Reset A A Font size: Print

United States Court of Appeals,District of Columbia Circuit.

BROTHERHOOD OF RAILWAY CARMEN DIVISION, TRANSPORTATION COMMUNICATIONS INTERNATIONAL UNION, Petitioner, v. Federico PEÑA, Secretary, Department of Transportation, and Jolene Molitoris, Administrator, Federal Railroad Administration, Respondents.

Nos. 94-1156, 95-1169.

Decided: September 01, 1995

Before BUCKLEY, WILLIAMS, and TATEL, Circuit Judges. Newton G. McCoy, argued the cause, for petitioner.   C. Marshall Friedman, Thomas P. McDermott, St. Louis, MO, and Mitchell M. Kraus, Rockville, MO, were on the briefs, for petitioner. Robert D. Kamenshine, Atty., U.S. Dept. of Justice, with whom Frank W. Hunger, Asst. Atty. Gen., and Robert S. Greenspan, Atty., U.S. Dept. of Justice, Washington, DC, were on the brief, argued the cause, for respondents.   Peter J. Plocki, Atty., U.S. Dept. of Transp., Washington, DC, entered an appearance, for respondents.

In these consolidated cases, we are asked to consider two petitions for review of a final rule issued by the Federal Railroad Administration.   The first was filed while a petition for reconsideration was still pending before the agency;  the other was submitted several months after the statutory deadline for the filing of a petition challenging the rule.   We dismiss both petitions as untimely.

I. Background

On August 16, 1993, the Federal Railroad Administration (“FRA”) issued a final rule “revising the exclusionary language [exempting train or yard crews from ‘blue signal’ safety regulations] to allow augmentation of a crew with a ‘utility’ employee, and creating alternate safety procedures to prevent injury to these employees.”   Protection of Utility Workers, 58 Fed.Reg. 43,287 (Aug. 16, 1993) (“Final Rule”).   The FRA concluded that a utility employee, who is defined as a “railroad employee assigned to and functioning as a temporary member of a train or yard crew,” 49 C.F.R. § 218.5 (1994), should be allowed to work under essentially the same conditions as other train or yard crew members.  58 Fed.Reg. at 43,288.

The Brotherhood of Railway Carmen (“BRC”) petitioned for reconsideration of the Final Rule on September 3, 1993.   The FRA's regulations provide that “[e]ach petition [for reconsideration] shall be decided not later than 4 months after its receipt by the Docket Clerk.”  49 C.F.R. § 211.31(a) (1994).  Nevertheless, four months after the filing of the BRC's petition for reconsideration, the FRA had not rendered its decision.   On March 7, 1994, the BRC filed the petition for review that is docketed as case number 94-1156.   Three days later, the FRA denied its petition for reconsideration.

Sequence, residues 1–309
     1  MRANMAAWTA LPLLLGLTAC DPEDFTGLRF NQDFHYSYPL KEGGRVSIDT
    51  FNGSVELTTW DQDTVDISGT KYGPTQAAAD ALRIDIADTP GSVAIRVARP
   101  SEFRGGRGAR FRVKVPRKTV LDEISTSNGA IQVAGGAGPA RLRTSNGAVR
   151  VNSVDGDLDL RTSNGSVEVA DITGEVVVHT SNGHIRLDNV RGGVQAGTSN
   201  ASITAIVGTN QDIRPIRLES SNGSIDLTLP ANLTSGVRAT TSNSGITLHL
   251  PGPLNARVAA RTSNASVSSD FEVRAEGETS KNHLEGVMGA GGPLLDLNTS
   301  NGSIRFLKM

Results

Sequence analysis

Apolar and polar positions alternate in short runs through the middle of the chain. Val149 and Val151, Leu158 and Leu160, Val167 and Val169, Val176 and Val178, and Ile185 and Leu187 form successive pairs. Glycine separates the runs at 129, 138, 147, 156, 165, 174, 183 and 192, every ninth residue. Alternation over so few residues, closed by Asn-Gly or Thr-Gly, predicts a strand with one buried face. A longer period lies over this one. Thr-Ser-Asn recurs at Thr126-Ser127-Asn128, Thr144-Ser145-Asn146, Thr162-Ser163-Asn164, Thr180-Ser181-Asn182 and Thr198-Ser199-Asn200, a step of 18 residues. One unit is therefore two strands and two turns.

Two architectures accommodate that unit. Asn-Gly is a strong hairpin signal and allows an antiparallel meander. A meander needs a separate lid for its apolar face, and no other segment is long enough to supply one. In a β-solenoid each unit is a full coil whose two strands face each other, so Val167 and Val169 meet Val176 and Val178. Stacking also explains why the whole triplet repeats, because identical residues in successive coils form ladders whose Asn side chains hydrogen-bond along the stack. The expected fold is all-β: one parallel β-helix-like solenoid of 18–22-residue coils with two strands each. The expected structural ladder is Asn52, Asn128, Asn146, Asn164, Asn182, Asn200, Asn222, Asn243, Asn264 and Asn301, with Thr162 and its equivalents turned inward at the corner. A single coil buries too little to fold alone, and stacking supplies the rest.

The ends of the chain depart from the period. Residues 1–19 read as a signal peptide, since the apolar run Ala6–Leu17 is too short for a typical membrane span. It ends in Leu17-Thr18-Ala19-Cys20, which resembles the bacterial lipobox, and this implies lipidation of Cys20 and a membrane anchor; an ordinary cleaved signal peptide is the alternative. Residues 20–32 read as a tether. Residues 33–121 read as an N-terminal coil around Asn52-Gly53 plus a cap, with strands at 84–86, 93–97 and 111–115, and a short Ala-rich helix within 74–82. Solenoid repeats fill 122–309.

Subsequently, on March 1, 1995, the FRA published its “respon[ses] to the concerns raised in petitions to reconsider the final rule” and announced two amendments to the Rule, including one that would “permit single-person crews to work within the protections provided for train and yard crews.”  Response to Petitions to Reconsider, 60 Fed.Reg. 11,047 (Mar. 1, 1995) (“1995 Response ”).   The BRC thereupon filed the petition for review that is docketed as case number 95-1169.   This petition sought to reopen the debate on the Final Rule by “request[ing] the Court to declare invalid those provisions of the [Final Rule] that exceed the Respondents' authority․”  Pet. for Review, No. 95-1169 (Mar. 20, 1995).

On May 8, 1995, the FRA responded by filing a motion requesting that we consolidate No. 95-1169 with No. 94-1156 and dismiss the petition for lack of appellate jurisdiction.   We grant the motion to consolidate and deny both petitions for review for the reasons set forth below.

II. Discussion

A. No. 94-1156

As we have repeatedly held, a “petition for review filed while a request for agency reconsideration is pending is ‘incurably premature.’ ”  Tennessee Gas Pipeline Co. v. FERC, 9 F.3d 980, 980-81 (D.C.Cir.1993) (citing TeleSTAR, Inc. v. FCC, 888 F.2d 132, 133-34 (D.C.Cir.1989)).   Nonetheless, relying on the general principle that federal agencies must comply with their own rules, see Panhandle Eastern Pipe Line Co. v. FERC, 613 F.2d 1120, 1135 (D.C.Cir.1979) (it is “axiomatic that an agency is bound by its own regulations”), the BRC argues that we must treat the FRA's failure to reach a decision on its petition for reconsideration within the regulatory deadline as tantamount to agency action, thus rendering its petition timely.

The BRC reasons as follows:  Section 211.31(a) of the regulations provides, in its entirety, that

[t]he Administrator may grant or deny, in whole or in part, any petition for reconsideration of a final rule without further proceedings.   Each petition shall be decided not later than 4 months after its receipt by the Docket Clerk.   In the event he determines to reconsider a rule, the Administrator may amend the rule or initiate a new rulemaking proceeding.   An appropriate notice is published in the Federal Register.